The reply:

Bessie Braddock to an inebriated Winston Churchill:
“Winston, you are drunk.”

Churchill, in reply:
"Madam, you are ugly, but I will be sober in the morning."


11.

John Barrymore:


John Barrymore (1882 – 1942) was an American actor on stage, screen and radio., also the grandfather of Drew Barrymore. Known as the Great Profile, he featured in silent films and in early sound films. He struggled with alcohol abuse from the age of 14, was married and divorced four times, and declared bankruptcy later in life. The Great Profile died in 1942 from cirrhosis of the liver and kidney failure, complicated by pneumonia. Errol Flynn's memoirs claim that the film director Raoul Walsh borrowed Barrymore's body before burial to leave his corpse propped in a chair for a drunken Flynn to discover when he returned home. Gene Fowler, a close friend of Barrymore, denies the claim. MRDA

The reply:

After a long day of shooting a film in Hollywood, John Barrymore and some fellow actors stopped in at Lucy's, a popular watering hole near Paramount Studios. After one-too-many drinks, Barrymore excused himself to go to the bathroom. In his slightly inebriated condition, however, he inadvertently chose the ladies' room.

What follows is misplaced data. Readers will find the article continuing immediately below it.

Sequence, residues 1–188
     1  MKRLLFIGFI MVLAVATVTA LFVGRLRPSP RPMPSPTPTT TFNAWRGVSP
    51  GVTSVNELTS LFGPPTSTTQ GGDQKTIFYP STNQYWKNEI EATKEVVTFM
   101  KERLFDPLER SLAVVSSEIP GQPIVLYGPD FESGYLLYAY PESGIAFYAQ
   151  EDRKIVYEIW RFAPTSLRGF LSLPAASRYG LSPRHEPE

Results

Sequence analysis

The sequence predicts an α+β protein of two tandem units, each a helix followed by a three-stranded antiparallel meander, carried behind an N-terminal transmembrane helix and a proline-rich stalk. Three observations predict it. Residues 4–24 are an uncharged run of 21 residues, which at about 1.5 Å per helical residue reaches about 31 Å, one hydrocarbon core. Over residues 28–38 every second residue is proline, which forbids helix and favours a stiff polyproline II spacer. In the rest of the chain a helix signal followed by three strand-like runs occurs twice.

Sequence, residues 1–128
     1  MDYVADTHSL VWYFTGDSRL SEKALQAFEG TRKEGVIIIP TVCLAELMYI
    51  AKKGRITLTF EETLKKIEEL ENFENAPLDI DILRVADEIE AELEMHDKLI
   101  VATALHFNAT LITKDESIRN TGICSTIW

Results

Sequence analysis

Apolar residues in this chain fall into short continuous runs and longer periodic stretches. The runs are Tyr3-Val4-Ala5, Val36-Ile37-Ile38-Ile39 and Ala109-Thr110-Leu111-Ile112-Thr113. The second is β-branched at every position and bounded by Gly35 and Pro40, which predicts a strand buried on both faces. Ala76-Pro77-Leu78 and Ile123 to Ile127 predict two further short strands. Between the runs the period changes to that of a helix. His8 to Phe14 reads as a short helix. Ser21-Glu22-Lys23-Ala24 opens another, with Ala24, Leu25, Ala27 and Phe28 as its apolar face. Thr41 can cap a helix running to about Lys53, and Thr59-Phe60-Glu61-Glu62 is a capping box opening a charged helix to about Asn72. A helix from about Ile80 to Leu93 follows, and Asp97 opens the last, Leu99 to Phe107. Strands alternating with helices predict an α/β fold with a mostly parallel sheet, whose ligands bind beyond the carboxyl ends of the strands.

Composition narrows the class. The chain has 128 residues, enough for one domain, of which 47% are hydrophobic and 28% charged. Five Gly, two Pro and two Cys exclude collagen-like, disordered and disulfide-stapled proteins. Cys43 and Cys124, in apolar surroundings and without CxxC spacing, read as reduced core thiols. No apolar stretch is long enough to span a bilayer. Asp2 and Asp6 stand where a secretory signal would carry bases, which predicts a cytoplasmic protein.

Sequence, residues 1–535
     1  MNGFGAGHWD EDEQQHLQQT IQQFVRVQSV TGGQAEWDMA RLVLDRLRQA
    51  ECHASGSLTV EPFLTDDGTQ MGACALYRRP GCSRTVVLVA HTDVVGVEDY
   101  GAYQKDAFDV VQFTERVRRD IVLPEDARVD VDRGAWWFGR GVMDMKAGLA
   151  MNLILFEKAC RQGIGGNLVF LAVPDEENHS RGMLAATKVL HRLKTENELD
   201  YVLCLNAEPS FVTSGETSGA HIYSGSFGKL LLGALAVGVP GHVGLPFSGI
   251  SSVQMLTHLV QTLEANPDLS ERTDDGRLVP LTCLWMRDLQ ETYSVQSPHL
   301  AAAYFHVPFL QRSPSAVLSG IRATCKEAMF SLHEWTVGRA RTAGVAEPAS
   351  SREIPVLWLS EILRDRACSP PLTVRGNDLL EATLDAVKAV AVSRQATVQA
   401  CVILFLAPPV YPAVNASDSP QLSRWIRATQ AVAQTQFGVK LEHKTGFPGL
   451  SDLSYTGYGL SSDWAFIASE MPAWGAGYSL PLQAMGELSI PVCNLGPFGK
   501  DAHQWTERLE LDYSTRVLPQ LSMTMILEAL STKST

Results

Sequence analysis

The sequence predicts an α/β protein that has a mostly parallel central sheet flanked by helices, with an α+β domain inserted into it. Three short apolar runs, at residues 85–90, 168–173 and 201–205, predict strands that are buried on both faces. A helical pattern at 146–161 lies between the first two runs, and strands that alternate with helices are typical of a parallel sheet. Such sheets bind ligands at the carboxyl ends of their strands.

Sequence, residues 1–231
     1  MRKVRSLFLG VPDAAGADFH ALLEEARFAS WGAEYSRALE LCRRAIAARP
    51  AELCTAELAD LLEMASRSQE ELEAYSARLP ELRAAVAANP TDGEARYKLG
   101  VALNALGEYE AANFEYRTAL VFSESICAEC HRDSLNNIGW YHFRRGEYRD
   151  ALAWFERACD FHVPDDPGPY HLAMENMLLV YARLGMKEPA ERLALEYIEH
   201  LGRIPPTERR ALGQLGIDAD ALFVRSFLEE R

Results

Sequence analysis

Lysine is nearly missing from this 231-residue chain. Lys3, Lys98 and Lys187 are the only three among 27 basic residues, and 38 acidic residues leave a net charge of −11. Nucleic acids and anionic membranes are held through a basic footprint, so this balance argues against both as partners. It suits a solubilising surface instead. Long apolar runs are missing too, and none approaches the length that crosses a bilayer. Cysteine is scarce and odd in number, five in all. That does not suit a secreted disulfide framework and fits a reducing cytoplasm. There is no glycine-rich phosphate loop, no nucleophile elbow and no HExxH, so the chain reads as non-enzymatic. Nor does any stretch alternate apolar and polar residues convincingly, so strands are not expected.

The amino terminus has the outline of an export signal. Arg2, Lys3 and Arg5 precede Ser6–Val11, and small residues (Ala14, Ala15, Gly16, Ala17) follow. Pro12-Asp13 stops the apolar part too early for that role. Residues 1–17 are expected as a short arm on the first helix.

As he was relieving himself, a woman entered and was shocked to see a man urinating into one of the toilets. 

"How dare you!" she exclaimed, "This is for ladies!" 

The actor turned toward the woman, organ in hand, and resonantly said in full actor's voice: "And so, madam, is this."


12.

Groucho Marx:


Julius Henry Marx (1890 – 1977), known professionally as Groucho Marx, was an American comedian, writer, stage, film, radio, and television star. He was known as a master of quick wit and is widely considered one of the best comedians of the modern era. He made 13 feature films with his siblings the Marx Brothers, of whom he was the third-born. He also had a successful solo career, most notably as the host of the radio and television game show You Bet Your Life.

Btw: I have been watching full episodes of You Bet Your Life on Youtube. Well worth the watch.  Google the episode "crazy eyes".

The reply:

It has been suggested that this is another of one of the great comebacks never actually said.

A woman with 12 children made a guest appearance as a contestant on Groucho Marx’s quiz show You Bet Your Life.

Woman: “I have 14 children, Groucho”.

Groucho: “You have 14 children? Why do you have so many kids?”

Woman: “Because I love my husband”.

Groucho: “I love my cigar too, but I take it out of my mouth every once in a while.”


13.

Tallulah Bankhead: